New animal research suggests that little-studied brain cells known as astrocytes are major players in controlling sleep need and may someday help humans go without sleep for longer without negative consequences such as mental fatigue and impaired physical health.
Published in the Journal of Neuroscience, the study found that activating these cells kept mice awake for hours when they would normally be resting, without making them any sleepier.
“Extended wakefulness normally increases sleep time and intensity, but what we saw in this study was that despite hours of added wakefulness these mice did not differ from well-rested controls in terms of how long and how intensely they slept,” says senior author Marcos Frank, PhD, a neuroscientist and professor at the Washington State University Elson S. Floyd College of Medicine, in a release. “This opens up the possibility that we might someday have interventions that could target astrocytes to mitigate the negative consequences of prolonged wakefulness.”
Frank envisioned that might include medications that could be used to improve the productivity, safety, and health of shift workers and others who work long or odd hours, such as first responders and military personnel. Sleep loss and mistimed sleep have been shown to impact a variety of key processes, including attention, cognition, learning, memory, metabolism, and immune function.
Astrocytes are types of non-neuronal cells that interact with neurons, brain cells that transmit easily measured electrical signals from the brain to other parts of the body. Previously thought of as merely the “glue” that holds the brain together, astrocytes have recently been shown to play an active role in various behaviors and processes through a much more subtle and difficult-to-measure process known as calcium signaling.
This includes a previous WSU study that showed that suppressing astrocyte calcium signaling throughout the brain resulted in mice building up less sleep need after sleep deprivation.
In this study, the researchers looked specifically at astrocytes in the basal forebrain, a brain region known to play a critical role in determining time spent asleep and awake as well as sleep need. Using chemogenetics—a method to control and study signaling pathways within brain cells—they activated these astrocytes and found that this resulted in mice staying awake for six hours or more during their normal sleep period. What’s more, the researchers did not see subsequent changes in sleep time or sleep intensity in response to the added wakefulness, as would be expected.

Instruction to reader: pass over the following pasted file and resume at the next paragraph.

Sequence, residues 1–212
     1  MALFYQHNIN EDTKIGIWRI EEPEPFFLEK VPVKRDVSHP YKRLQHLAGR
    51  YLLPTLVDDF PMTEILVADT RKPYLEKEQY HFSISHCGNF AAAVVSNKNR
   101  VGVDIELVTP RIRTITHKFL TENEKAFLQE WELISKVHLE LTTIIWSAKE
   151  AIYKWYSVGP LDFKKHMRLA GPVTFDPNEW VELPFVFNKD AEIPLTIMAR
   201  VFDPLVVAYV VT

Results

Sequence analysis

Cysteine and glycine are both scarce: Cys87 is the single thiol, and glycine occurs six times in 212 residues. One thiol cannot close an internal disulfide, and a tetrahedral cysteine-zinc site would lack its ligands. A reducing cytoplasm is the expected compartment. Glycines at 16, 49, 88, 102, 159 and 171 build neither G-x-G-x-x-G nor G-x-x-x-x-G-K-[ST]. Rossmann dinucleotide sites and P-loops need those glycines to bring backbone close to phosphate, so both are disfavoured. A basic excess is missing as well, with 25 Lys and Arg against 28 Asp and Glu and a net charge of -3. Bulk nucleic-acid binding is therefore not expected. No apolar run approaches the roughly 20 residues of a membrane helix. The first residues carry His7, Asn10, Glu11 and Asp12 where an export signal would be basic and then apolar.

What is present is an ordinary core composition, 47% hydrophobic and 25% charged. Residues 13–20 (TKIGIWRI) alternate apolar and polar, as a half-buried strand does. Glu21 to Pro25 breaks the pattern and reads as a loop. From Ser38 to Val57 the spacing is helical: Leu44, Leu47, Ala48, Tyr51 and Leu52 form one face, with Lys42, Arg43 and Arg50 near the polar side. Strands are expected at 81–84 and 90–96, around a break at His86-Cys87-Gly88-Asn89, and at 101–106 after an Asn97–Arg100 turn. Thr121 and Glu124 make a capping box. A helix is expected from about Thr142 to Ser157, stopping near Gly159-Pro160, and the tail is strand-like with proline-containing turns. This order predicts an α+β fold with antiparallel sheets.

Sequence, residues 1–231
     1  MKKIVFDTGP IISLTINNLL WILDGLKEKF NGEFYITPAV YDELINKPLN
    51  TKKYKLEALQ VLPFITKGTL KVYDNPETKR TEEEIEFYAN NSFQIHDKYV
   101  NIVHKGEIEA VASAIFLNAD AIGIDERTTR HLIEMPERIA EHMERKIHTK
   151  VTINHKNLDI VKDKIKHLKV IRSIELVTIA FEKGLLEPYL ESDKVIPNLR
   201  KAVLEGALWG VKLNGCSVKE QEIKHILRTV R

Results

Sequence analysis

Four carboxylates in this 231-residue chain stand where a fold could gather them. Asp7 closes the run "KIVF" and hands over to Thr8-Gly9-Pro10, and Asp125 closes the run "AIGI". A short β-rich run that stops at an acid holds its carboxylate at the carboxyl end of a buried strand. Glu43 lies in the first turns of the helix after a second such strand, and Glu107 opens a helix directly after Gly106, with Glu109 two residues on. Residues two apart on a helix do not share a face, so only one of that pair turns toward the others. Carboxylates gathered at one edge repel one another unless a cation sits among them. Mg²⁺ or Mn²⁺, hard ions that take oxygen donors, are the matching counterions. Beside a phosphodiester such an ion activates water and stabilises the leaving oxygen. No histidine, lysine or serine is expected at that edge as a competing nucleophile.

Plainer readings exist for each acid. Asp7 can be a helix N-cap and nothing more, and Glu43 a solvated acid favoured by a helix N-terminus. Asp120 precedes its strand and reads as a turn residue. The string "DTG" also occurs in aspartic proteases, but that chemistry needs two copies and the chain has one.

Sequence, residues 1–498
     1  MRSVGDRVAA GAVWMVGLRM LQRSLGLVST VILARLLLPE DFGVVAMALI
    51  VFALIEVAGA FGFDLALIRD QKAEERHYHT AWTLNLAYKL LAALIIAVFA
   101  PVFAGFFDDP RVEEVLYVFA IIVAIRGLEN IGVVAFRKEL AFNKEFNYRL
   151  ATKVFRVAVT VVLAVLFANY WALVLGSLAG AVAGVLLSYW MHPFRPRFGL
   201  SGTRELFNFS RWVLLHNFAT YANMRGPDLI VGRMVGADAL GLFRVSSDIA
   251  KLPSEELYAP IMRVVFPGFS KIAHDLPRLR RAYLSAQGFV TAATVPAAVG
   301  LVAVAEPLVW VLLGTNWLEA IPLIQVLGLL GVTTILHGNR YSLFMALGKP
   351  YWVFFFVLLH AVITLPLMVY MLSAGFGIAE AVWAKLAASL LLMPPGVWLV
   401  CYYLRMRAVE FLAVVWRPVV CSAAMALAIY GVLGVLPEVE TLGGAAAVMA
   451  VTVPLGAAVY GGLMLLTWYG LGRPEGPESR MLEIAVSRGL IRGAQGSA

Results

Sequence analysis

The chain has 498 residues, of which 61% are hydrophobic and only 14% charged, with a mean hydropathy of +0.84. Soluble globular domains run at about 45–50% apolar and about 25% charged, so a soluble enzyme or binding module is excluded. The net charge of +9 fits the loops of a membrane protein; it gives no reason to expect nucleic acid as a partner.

“Our findings suggest that our need for sleep isn’t just a function of prior wake time but is also driven by these long-ignored non-neuronal cells,” says first author Ashley Ingiosi, PhD, an assistant professor of neuroscience at Ohio State University who conducted the study while working as a postdoctoral research associate in Frank’s lab at Washington State University, in a release. “We can now start to pinpoint how astrocytes interact with neurons to trigger this response and how they drive the expression and regulation of sleep in different parts of the brain.”
Next, the researchers plan to conduct behavioral tests in mice to determine how activating basal forebrain astrocytes to induce wakefulness might impact other processes besides sleep need, such as attention, cognition, learning, memory, metabolism, and immune function. To get at least some indication of the potential impact on attention and cognition, they looked at EEG markers of those two processes in this study and found them to be similar to those seen in well-rested controls.
Funding support for the study came from the National Institutes of Health.